Saudi Arabia Wants to Attract Investors, and Wall Street is on Board

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Saudi Arabia is the global economy’s version of that kid at school your parents don’t want you hanging out with…but he has a car.

Saudi Arabia has earmarked $2.7 billion in incentives to attract western industrial companies with an eye toward becoming a global supply chain hub, Bloomberg reported Sunday. The White House and Riyadh may not be on speaking terms right now, but that won’t deter Wall Street from at least stopping by for a nice plate of kabsa. With deals drying up at home, they’re surely looking forward to a little desert heat.

On the Come Up

Tensions between Saudi Arabia and the US are at historic highs. Earlier this month, OPEC+ started cutting two million barrels of oil production a day, forcing the Biden administration to unlock more reserves from the domestic stockpile. President Biden warned Crown Prince Mohammed bin Salman would face “consequences” for the cutback, but the oil-fueled Saudi economy remains on a tear.

As the world’s largest exporter of oil, Saudi Arabia is on track to be this year’s fastest-growing G20 economy. The country makes roughly $1 billion on oil exports every day, but MBS intends to put Saudi Arabia on the map for more than just petroleum — pet projects include a $500 billion, zero-carbon Neom city of tomorrow that will supposedly feature a ski resort, commuter swim lanes, and “flying” elevators. The $2.7 billion incentives package is designed to attract global investment to supercharge even further:

  • The earmarked money will go toward obtaining investments in areas including manufacturing of green metals, green hydrogen production devices, and advanced recycling industries. The overall goal is to attract $10.6 billion into the country and help the kingdom become one of the 15 largest economies by 2030.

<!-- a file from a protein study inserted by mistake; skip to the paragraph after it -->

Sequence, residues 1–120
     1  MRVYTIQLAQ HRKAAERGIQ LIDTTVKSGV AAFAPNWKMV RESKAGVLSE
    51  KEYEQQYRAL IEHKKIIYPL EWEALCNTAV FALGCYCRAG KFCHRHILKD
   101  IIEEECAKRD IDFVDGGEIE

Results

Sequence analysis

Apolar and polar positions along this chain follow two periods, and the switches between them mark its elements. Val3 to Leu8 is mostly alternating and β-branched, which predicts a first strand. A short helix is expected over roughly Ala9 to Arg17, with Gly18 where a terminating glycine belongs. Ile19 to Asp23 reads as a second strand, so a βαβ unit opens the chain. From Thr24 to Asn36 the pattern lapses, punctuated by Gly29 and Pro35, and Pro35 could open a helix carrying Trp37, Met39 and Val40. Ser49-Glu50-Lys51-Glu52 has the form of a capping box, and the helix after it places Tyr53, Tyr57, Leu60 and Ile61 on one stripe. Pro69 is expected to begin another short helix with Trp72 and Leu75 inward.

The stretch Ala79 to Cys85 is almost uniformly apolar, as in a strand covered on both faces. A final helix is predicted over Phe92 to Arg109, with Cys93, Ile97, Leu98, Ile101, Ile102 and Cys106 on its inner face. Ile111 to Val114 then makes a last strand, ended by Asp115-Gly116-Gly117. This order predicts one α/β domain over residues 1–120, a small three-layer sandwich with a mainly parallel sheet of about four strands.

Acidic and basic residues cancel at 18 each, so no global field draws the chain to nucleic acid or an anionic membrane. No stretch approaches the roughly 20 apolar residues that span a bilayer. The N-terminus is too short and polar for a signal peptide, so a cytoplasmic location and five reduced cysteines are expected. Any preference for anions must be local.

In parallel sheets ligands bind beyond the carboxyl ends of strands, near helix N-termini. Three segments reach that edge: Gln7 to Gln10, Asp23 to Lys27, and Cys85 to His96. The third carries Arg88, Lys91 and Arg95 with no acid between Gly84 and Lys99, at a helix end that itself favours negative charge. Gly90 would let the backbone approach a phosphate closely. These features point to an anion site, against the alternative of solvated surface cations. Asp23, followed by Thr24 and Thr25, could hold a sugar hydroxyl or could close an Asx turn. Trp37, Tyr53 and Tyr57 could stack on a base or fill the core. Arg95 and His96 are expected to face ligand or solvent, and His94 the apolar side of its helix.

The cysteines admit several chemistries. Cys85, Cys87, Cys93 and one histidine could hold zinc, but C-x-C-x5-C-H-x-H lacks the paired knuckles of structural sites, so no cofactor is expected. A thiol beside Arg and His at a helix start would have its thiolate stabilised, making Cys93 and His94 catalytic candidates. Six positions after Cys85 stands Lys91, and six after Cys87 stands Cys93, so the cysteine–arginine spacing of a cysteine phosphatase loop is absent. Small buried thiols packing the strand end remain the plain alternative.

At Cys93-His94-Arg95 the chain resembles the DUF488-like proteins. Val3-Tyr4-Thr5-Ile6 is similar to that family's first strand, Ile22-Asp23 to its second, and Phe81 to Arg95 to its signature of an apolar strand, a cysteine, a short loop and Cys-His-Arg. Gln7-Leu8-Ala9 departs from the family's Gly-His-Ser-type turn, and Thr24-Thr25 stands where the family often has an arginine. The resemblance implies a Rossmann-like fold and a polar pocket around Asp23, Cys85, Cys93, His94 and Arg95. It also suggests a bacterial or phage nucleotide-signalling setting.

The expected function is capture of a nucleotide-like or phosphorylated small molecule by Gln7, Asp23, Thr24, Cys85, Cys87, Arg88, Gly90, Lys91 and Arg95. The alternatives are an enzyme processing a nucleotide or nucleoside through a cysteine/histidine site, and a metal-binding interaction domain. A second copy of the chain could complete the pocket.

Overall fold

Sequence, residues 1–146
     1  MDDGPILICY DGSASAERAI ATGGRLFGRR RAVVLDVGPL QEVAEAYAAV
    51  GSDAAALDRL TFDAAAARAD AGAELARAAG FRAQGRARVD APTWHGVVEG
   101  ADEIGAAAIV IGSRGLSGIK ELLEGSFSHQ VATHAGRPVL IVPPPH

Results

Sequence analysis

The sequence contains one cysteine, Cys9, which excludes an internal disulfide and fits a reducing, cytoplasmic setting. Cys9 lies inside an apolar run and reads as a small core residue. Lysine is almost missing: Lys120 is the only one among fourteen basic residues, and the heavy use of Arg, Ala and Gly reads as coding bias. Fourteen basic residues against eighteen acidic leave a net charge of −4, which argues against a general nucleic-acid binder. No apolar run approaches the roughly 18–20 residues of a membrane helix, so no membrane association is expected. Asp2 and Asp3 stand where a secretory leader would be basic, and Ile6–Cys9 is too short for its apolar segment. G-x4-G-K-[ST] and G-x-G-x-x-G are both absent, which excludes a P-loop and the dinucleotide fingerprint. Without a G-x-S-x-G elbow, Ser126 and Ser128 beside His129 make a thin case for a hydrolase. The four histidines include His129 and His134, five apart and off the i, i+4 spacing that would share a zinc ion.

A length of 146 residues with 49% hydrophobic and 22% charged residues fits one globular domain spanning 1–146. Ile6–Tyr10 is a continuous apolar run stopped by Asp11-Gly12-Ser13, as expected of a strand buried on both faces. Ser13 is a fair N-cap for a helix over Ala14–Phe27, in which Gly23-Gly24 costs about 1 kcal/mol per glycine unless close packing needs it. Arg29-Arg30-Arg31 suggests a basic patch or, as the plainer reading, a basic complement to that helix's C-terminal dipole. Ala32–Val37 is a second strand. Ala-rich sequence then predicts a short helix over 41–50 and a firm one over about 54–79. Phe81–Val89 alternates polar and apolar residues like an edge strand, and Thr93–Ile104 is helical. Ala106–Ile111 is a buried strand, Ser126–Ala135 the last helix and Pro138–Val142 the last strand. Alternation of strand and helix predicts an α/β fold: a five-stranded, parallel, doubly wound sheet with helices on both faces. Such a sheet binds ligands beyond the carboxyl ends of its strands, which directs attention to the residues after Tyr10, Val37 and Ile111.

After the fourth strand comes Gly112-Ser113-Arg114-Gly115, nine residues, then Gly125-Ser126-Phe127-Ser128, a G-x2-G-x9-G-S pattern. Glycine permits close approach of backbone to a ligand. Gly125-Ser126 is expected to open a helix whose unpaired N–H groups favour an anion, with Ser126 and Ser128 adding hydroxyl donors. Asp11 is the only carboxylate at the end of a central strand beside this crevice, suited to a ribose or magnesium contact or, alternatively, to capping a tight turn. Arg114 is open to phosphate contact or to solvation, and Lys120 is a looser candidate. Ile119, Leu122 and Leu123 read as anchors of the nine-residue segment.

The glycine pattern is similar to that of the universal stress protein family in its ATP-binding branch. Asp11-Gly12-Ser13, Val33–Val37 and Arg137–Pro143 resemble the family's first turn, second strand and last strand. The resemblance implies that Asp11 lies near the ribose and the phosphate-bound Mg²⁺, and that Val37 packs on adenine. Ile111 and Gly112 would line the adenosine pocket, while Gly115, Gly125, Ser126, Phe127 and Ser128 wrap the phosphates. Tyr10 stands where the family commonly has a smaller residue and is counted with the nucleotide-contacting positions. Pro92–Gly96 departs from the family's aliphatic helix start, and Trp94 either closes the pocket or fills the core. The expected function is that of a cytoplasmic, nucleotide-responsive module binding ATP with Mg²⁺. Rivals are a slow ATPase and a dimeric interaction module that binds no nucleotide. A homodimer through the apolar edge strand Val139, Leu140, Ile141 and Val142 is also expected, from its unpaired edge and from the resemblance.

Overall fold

• Saudi Arabia will host its Future Investments Initiative summit, aka Davos in the Desert, this week, and Wall Street bigwigs like Goldman Sachs CEO David Solomon, Blackstone CEO Steve Schwarzman and Bridgewater Associates founder Ray Dalio are set to attend. JP Morgan CEO is already set to hire 20 more bankers in a Saudi Arabian expansion.

Richard Attias, CEO of FII Institute, told Bloomberg organizers are seeing “more and more appetite from the US private sector to attend.” The event “has zero political agenda” and “it’s a coincidence” that the US-Saudi tension is happening at the same time, he said. Any way you look at it, these are not the consequences Biden had in mind.

Flying high: In other major Saudi news, the country is in talks with Boeing and Airbus to purchase 80 jets for a new state-owned airline. And the nation is training 100,000 job seekers in hotel and hospitality roles. Whether that sci-fi city ever comes to fruition remains to be seen, but at least Saudi Arabia will be prepared for a possible tourism boom.